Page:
“We are not the MIT of the plains, nor do we seek to be. We are a great university. We are the University of Texas at Dallas.” – Theresa Oriabure, Commencement 1992
Fifty years ago, UTD was nothing more than a small center for research and education. Forget undergraduate classes, sprawling engineering buildings and Temoc; UTD wasn’t even called “The University of Texas at Dallas” until 1969, 10 years after the research center was established. Today, it is considered one of the best research universities in the nation, has produced nobel laureates, parliamentarians and astronauts, and has grown to nearly 30,000 students.
UTD’s beginnings can be traced back to 1961, when the university’s three founders — Eugene McDermott, Erik Jonsson and Cecil Green — aimed to make a hub for research and education in the south. Their vision was realized in 1969, when Texas governor Preston Smith signed the legislation that allowed the Southwest Center for Advanced Studies to join the UT system as UT Dallas. Throughout the next 20 years, the university would award its first diplomas, bring the Love Jack to campus and welcome underclassmen.
With the introduction of underclassmen came the creation of a distinct “UTD” culture. In October 1990, students pranked the UTD community by filling a fountain outside of Founders with foam, adding a rubber duck for good measure. Nearly 30 years later, two students found a shrine to Steve Buscemi under a stairwell in Green. That same year, three students were trapped in a study room in Residence Hall Northwest for three hours. They played hangman and drew on the windows with residence hall staff until maintenance staff broke a hole through the drywall to get them out safely.
Along with our university’s playful spirit comes a sense of solidarity. A 1989 Mercury opinion article spoke out in support of student protesters at Tiananmen Square, with several Chinese students expressing similar sentiments at the time. Later on in 2001, university administrators as well as Student Government called for unity in the wake of 9/11. Students who voiced concerns about being profiled after the attacks were met with unyielding support. Finally, in early 2018 when the future of the Deferred Action for Childhood Arrivals program was in jeopardy, University President Richard Benson sent a message of support to affected students while the International Center compiled a list of resources available to them. In the face of adversity, we came together. That is the spirit of UTD.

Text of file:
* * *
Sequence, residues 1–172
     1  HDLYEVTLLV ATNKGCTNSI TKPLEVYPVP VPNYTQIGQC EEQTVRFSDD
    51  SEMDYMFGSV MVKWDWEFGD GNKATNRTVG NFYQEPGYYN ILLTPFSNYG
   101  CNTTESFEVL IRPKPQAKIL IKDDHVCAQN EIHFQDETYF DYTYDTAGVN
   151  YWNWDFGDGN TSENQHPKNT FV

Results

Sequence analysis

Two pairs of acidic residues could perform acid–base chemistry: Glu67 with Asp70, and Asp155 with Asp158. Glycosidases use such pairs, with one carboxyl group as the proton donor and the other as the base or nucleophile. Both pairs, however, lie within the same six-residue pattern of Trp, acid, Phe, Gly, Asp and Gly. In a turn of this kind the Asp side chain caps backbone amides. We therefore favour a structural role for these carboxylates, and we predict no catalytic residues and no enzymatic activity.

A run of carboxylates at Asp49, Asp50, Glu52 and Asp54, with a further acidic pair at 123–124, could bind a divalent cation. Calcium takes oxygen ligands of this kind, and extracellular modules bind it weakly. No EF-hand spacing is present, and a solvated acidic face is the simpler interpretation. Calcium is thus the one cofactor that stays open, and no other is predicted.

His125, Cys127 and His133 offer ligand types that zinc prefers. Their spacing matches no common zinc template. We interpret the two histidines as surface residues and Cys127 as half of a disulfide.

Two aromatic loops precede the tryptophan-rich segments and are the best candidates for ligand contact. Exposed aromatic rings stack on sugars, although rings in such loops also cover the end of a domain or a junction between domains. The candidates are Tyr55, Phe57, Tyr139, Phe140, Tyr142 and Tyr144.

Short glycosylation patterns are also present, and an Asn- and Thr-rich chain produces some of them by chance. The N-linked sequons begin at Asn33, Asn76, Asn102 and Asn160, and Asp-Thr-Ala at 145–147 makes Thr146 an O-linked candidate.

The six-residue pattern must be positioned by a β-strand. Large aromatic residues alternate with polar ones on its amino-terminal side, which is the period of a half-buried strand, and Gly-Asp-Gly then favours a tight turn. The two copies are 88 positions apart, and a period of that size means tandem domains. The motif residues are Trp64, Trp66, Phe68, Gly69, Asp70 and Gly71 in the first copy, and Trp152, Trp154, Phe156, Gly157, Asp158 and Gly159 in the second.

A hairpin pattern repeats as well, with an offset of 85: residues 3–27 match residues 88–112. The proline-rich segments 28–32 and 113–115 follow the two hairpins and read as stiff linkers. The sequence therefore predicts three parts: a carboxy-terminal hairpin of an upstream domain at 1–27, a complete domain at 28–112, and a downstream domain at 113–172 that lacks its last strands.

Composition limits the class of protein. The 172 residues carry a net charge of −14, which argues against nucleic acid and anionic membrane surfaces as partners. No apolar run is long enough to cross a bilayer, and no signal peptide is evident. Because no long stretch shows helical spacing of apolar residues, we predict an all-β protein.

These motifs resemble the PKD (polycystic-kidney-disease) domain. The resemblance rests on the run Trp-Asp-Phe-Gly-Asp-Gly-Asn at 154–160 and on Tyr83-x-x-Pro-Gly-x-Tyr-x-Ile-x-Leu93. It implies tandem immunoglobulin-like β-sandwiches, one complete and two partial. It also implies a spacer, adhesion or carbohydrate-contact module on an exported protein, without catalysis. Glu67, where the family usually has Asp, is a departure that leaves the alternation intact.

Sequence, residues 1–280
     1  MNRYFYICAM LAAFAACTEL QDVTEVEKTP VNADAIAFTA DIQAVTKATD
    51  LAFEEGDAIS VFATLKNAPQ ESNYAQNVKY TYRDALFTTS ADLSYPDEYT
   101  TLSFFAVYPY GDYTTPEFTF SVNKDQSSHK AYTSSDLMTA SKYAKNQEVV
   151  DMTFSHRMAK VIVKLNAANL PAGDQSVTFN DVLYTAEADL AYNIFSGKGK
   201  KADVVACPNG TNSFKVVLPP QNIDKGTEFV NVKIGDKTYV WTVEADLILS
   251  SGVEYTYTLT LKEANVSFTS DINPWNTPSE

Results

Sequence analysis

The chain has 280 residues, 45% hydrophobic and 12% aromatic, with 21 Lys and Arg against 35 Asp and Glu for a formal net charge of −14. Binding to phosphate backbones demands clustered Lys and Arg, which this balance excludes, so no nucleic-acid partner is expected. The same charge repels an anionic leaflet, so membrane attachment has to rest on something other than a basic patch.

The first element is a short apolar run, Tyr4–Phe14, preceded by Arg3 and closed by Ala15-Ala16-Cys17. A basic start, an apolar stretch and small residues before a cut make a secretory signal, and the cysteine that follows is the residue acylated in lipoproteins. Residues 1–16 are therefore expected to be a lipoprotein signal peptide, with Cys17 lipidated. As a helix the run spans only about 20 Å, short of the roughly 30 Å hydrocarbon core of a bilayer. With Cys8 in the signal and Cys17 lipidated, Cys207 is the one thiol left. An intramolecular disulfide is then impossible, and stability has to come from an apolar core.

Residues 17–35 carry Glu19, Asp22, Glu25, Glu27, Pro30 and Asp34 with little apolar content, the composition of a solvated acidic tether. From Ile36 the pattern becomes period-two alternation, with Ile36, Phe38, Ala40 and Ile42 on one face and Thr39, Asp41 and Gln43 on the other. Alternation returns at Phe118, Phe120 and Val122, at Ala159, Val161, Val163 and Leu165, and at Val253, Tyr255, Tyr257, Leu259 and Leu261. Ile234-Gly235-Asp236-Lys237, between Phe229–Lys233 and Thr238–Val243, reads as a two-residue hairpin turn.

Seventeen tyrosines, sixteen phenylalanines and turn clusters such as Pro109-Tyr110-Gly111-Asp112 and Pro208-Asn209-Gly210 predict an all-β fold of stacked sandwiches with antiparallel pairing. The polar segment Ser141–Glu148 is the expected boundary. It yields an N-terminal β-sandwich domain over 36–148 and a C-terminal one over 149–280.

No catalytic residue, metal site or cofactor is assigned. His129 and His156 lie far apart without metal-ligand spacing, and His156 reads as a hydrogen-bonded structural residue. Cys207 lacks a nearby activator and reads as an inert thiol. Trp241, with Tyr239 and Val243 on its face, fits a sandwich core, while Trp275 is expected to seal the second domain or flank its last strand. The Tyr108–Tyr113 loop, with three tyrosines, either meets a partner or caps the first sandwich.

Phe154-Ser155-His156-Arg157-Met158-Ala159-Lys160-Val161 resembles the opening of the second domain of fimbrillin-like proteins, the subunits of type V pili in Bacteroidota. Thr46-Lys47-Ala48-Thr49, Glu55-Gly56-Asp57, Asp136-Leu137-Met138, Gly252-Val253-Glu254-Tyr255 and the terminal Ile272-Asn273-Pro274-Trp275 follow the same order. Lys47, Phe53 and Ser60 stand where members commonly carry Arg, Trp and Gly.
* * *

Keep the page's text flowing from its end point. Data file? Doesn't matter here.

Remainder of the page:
Another hallmark of the university is its diversity. In 1993, The Mercury reported that the student population was 75% white; 10 years later, people of color made up nearly half of the university’s population. In a 2018 guest opinion, international political economy senior Sabur Woldu summed up the benefits of having such a diverse student population.
“UTD’s diversity provides you and me the ability to break bread with our brothers and sisters from across the world and has allowed communities from different corners of the globe to come together and flourish in one place,” Woldu wrote. “I myself am immersed in many different communities at UTD, and each one holds a special place in my heart. I’ve met incredible people in all of them, I’ve mingled with people I otherwise wouldn’t have and I’ve seen the beauty of all these communities coming together to make UTD feel like home for me.”
UTD has come a long way, but what’s next? It seems history repeats itself, with more buildings coming soon to accommodate for more students coming in. A new engineering building and a new science building will arrive by 2021 for the thousands of aspiring students coming in. A potential parking structure will add about 1,200 spaces for students to park their cars by 2022.
Although UTD is mostly a research-based university, it has a heart for the arts. In 2017, students voiced their concerns about the former Art Barn being taken down and was replaced by the now Physics Building. A petition was started, which received over 350 signatures in two days to keep the beloved building, which was frequently used as a space for people to paint and sculpt to their heart’s desire. After facing backlash in response to the Art Barn’s demolition, the administration is now planning to create a UTD Athenaeum by 2026, which will hold significant art collections and the Edith O’Donnell Institute of Art History. UTD will also be building a museum on-campus to house the full Crow art collection.
The next generation of Comets is already on campus finding ways to make their mark at UTD. They’ll attend classes, learn the history of the university and plan for their futures, just like thousands of students before them. What will UTD look like in the next 50 years?